2022: Camilo Hurtado-Parrado

“No Es Cierto!” Countering Misinformation About Behavior Analysis in Spanish: Creation and Dissemination of Materials Based on an Evidence-Based Template by Paynter et al. (2019) 

The impact of Behavior Analysis on societal problems not only depends on the scientific advancements of the field but also on how behavior-analytic science and application are incorporated into cultural practices. Despite important education, dissemination, and advocacy efforts aimed at increasing positive recognition and uptake of behavior analytic science and application, anti-behavior-analysis incorrect information keeps circulating, often promoted by academics, professionals, or advocates (Keenan et al., 2019). The resulting lack of proper recognition of our discipline makes it unavailable, misunderstood, misrepresented, and misapplied in several countries.


Keenan et al. (2018) highlight some of the reasons for this situation. “…Communicating with parents [and stakeholders] about ABA interventions is already challenging in a context where the available teaching material is readily available in English… It is easy to appreciate how much more difficult it is to do the same job in a context with many different languages, cultural practices, diverse regulatory environments, idiosyncratic national educational structures, and limited teaching materials.” (p. 3).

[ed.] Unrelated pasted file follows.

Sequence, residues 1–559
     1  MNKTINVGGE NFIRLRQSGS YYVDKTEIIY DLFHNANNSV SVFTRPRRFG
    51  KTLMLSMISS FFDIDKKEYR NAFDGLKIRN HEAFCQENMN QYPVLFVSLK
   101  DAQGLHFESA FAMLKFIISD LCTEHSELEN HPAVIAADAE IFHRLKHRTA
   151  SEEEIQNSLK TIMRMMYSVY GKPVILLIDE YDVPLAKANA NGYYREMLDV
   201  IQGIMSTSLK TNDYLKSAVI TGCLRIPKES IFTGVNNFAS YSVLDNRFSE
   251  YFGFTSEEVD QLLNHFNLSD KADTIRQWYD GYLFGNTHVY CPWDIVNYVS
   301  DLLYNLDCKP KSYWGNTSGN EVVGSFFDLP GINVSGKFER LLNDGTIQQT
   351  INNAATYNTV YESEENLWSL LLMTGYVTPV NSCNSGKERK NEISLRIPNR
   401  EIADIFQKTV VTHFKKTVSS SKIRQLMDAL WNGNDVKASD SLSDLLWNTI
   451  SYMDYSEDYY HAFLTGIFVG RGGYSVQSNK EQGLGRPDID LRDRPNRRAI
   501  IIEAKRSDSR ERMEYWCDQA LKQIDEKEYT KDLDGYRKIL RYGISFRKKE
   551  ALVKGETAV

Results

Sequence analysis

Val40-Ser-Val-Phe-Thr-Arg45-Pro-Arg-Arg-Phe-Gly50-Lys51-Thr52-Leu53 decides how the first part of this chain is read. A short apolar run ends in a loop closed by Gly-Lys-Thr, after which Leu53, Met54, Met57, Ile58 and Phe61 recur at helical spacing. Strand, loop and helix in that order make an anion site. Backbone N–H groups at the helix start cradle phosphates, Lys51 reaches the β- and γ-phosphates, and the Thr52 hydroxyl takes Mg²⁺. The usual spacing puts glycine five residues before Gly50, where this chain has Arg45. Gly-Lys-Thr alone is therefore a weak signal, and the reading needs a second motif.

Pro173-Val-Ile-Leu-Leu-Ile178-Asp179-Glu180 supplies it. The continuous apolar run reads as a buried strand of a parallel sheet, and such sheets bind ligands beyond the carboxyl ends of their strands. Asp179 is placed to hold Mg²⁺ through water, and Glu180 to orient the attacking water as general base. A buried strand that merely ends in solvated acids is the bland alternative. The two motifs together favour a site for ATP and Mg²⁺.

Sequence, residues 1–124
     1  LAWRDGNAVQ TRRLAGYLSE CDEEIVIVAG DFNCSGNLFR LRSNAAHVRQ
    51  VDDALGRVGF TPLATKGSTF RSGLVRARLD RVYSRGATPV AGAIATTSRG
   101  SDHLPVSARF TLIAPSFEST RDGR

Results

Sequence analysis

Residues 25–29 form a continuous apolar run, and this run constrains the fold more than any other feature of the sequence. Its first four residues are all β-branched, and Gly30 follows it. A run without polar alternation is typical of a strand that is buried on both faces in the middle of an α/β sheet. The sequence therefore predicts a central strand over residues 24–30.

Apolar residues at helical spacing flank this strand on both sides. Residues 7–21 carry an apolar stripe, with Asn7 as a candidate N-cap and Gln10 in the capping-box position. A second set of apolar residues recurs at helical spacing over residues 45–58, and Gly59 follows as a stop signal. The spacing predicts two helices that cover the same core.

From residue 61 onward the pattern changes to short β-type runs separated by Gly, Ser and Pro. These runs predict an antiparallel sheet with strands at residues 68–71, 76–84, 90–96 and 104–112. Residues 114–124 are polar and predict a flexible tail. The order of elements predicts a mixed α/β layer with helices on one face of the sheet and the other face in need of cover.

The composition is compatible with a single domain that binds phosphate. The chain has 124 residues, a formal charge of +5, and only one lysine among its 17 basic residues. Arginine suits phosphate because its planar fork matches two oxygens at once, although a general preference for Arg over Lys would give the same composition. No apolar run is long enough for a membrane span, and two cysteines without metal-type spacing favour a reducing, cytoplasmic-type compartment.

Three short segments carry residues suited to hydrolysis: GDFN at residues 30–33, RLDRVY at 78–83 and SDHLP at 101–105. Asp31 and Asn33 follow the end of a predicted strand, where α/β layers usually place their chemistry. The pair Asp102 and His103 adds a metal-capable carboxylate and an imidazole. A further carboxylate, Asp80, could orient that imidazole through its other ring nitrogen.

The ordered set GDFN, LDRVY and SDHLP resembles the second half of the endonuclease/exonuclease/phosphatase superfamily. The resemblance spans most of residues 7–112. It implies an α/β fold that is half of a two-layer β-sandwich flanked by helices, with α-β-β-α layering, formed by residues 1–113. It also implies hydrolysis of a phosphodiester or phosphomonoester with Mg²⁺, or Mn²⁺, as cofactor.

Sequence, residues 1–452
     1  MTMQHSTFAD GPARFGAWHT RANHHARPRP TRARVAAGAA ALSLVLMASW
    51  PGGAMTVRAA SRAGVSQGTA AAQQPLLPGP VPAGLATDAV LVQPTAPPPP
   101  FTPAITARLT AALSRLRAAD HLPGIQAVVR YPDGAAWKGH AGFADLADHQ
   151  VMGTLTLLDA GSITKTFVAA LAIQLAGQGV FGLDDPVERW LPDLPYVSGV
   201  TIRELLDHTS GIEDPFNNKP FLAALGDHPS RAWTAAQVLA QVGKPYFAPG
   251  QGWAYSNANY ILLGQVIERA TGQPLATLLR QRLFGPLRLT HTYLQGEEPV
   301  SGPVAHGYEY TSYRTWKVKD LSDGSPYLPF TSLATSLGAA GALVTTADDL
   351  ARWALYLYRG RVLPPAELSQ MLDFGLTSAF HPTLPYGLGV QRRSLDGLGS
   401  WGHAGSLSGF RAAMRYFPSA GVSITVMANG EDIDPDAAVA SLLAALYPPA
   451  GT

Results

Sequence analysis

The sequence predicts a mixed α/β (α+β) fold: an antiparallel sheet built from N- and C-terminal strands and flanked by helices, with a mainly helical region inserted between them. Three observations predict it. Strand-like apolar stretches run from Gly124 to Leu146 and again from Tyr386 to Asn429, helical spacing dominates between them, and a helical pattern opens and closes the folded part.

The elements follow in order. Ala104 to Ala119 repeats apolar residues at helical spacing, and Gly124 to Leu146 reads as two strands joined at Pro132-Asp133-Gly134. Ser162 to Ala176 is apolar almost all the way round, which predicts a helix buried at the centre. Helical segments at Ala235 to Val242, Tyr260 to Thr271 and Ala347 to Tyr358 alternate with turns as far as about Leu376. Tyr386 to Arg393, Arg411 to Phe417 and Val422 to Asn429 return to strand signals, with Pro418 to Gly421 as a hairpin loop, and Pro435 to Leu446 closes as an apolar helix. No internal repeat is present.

These extra challenges apply to the case of Hispanic communities within the US and in Spanish-speaking countries, due to the lack of appropriate behavior-analytic materials in Spanish. The SABA Public Awareness Grant funds will be used to (1) translate strategic articles to Spanish, and (2) use these translations to design materials that will aid with education, dissemination, and advocacy of behavior-analytic science and practice across target populations (parents and caregivers, educators, students, policymakers, and health-services providers). The design of these materials will be guided by research on effective procedures to reduce misinformation about behavioral interventions (Paynter et al., 2019, 2021). This “template for countering misinformation” includes manipulations related to (a) increasing source credibility, (b) alignment with values of the target population, (c) using strategic types of rules (e.g., descriptive or injunctive), (d) using warning stimuli that guard against engaging with misinformation sources, (e) increasing salience of relevant stimuli, and (f) designing graphics tailored to boost corrective impact, increase attention and retention, and reduce counterarguing behavior. These materials will be hosted in an online hub dedicated to countering misinformation about Behavior Analysis and will be distributed across key organizations.


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